DRYDEN, NY – Two schools from the Dryden Central School District and one from Groton were placed on the “Focus Schools” list, indicating that these schools are falling short of one or more accountability goals as set by the state.
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Schools can be placed on the list for low performance and/or lack of progress in English Language Arts (ELA) and math, combined, or graduation rates for one of more accountability groups (racial/ethnic groups, low-income students, English language learners, and students with disabilities).
A letter sent to parents of students from the Dryden Elementary and Middle Schools informed parents that these schools were being placed on the focus schools list due to poor performance in third through eighth grade English Language Arts and Math exams.
A total of 428 schools were placed on this list, statewide, out of the over 4,500 schools in New York. The list also includes Groton Elementary School.
As a result, the schools will be subject to a state review. A team of reviewers from the state visited Dryden Middle school in March, and will be visiting the elementary school in May. The goal of these reviews is to help formulate action steps to address the problems. The reviewers observe classes, as well as speaking directly with parents, students, teachers and administrators during the process.
According to Dryden Superintendent Sandy Sherwood, the district is still waiting to hear back from the state agents on the results of the review. She said that the turnaround time is approximately six to eight weeks, after which the state reviewers will provide their recommendations.
These aren’t the first action plans created for these schools. Both Dryden Middle School and Dryden Elementary School were identified as schools in need of a Local Assistance Plan for the previous three academic years. Despite those plans being implemented, the school still seems to be falling short in some areas, though Sherwood notes that they have been making progress.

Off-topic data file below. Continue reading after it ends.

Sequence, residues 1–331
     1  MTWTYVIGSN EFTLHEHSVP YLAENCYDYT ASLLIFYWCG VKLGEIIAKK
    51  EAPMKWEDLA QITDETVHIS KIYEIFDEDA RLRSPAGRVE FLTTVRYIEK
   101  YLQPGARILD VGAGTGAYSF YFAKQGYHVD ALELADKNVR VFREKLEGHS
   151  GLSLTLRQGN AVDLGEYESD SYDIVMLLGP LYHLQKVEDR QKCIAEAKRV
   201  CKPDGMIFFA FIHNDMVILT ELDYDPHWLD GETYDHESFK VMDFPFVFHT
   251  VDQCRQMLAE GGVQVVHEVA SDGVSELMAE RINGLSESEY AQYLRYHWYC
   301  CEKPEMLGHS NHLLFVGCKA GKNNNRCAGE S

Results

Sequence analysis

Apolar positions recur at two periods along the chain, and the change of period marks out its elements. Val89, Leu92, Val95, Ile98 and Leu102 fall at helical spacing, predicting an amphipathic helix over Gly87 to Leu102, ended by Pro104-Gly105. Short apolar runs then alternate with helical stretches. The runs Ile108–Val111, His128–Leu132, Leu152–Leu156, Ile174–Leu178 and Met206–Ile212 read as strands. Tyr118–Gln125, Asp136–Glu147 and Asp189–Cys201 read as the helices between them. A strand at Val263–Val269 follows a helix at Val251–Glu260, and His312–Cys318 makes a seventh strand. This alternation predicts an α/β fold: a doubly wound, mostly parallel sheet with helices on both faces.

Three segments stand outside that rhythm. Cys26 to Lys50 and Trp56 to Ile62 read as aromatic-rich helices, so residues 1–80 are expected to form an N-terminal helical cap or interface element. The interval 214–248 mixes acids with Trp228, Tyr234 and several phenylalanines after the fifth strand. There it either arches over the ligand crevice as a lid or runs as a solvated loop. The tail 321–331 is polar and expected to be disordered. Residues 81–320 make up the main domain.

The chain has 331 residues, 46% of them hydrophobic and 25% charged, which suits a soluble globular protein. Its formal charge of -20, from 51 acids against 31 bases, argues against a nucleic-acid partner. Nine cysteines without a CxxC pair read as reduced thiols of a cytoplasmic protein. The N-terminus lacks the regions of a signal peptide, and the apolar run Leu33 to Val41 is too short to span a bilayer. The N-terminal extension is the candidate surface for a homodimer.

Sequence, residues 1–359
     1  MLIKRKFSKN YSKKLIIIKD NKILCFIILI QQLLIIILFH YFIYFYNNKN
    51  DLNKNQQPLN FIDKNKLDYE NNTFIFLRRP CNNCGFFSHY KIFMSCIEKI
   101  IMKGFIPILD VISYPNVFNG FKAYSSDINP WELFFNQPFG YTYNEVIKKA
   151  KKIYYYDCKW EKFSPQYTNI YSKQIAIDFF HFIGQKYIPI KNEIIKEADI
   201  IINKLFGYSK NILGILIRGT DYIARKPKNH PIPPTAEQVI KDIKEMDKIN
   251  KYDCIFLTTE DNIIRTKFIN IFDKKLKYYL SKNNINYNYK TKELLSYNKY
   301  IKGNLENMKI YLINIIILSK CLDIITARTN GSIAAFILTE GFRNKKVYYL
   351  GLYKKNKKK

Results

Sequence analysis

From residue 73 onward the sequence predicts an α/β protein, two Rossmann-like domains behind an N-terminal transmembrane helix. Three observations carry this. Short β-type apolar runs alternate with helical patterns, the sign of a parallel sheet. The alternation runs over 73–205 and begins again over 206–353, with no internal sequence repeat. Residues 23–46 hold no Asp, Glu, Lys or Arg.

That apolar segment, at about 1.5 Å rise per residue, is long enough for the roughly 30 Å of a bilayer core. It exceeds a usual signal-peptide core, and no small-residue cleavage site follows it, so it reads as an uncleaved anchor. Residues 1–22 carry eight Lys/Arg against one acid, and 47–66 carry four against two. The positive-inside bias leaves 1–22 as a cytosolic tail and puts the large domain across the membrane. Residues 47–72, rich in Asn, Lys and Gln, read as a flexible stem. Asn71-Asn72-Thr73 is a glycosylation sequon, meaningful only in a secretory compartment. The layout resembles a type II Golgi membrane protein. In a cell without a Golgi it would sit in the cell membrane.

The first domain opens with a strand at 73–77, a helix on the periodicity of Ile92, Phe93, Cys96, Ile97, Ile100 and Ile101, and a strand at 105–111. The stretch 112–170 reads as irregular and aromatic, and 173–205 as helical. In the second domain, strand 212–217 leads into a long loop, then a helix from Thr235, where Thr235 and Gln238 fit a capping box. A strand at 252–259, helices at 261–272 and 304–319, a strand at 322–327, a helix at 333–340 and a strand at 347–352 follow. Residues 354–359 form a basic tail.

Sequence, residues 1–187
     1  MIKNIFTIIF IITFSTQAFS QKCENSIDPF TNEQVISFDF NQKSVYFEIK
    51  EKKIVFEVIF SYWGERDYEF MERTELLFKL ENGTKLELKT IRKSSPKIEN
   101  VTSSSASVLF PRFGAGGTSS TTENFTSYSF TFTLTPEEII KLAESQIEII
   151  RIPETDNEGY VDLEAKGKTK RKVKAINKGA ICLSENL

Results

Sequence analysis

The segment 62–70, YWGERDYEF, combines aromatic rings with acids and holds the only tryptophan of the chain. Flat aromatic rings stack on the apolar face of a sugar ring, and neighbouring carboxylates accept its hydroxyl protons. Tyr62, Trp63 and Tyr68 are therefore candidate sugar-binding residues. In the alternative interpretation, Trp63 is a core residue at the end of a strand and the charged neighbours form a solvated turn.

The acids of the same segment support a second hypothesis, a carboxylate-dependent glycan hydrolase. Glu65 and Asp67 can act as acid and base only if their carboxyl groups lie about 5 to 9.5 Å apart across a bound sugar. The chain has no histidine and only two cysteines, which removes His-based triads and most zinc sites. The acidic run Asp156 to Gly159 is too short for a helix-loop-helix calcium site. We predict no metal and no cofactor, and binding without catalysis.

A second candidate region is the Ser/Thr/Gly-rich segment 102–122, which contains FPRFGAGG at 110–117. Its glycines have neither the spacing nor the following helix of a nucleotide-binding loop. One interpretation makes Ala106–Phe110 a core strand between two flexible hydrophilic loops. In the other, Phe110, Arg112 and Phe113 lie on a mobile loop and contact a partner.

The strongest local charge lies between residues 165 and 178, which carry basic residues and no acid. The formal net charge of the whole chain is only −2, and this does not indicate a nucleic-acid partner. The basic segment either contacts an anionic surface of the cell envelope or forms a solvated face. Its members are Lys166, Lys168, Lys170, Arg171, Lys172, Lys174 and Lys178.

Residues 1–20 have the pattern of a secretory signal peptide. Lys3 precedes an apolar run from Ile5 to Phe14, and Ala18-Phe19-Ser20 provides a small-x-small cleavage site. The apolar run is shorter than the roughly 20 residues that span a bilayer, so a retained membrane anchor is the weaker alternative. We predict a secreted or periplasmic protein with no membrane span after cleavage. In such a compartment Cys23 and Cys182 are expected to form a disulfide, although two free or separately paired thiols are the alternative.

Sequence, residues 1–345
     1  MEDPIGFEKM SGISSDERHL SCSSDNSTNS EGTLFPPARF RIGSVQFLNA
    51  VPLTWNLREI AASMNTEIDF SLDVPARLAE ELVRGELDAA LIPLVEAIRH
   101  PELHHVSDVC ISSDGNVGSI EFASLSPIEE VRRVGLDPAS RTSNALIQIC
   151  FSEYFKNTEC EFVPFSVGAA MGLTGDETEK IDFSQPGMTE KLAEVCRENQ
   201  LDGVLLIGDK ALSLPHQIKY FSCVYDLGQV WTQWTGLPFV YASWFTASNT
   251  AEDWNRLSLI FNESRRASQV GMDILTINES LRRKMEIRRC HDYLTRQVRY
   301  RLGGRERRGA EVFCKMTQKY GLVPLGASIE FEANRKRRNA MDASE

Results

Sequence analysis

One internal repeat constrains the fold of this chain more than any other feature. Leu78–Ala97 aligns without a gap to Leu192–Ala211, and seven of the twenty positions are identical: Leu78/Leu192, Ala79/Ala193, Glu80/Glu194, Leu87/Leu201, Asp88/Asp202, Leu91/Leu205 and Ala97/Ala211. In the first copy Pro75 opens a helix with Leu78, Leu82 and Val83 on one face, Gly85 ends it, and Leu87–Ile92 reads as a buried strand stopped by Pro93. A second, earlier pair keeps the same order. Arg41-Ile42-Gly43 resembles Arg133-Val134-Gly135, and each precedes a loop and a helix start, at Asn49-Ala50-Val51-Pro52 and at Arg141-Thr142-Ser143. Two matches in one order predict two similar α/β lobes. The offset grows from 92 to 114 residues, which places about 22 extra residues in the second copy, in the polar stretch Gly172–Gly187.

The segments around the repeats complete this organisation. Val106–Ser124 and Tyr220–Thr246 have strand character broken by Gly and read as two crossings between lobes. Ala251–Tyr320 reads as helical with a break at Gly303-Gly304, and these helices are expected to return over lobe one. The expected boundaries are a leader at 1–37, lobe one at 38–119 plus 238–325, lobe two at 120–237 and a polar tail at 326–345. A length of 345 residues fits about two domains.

As shown by the New York State Education Department’s statistics, the Dryden’s primary trouble seems its difficult with economically disadvantaged students and students with disabilities. These groups failed to meet the set goals on multiple testing metrics. Economically disadvantaged students also have notably low graduation rates, with 68 percent at four years and 73 percent at five years, whereas the goal is 80 percent.
Sherwood confirmed that the Local Assistance Plans were also geared at helping those particular student populations.
She pointed out that the process for evaluating students with disabilities at the school is somewhat at odds with the state testing methods. She explained that for students with disabilities, the school tries to find the appropriate level of learning that they can, whereas the state tests are strictly age-based. Therefore, a student might be suited for and comfortable with 3rd-grade level work, but if he is at the 4th-grade age, the the student will take a 4th grade test.
Sherwood also said that Dryden has spent a lot time on professional development toward countering the effects of poverty on a student’s education, through alternate learning methods and other approaches. She said she believes this training will be worthwhile since it has broad applications for all types of students, including the students with disabilities.
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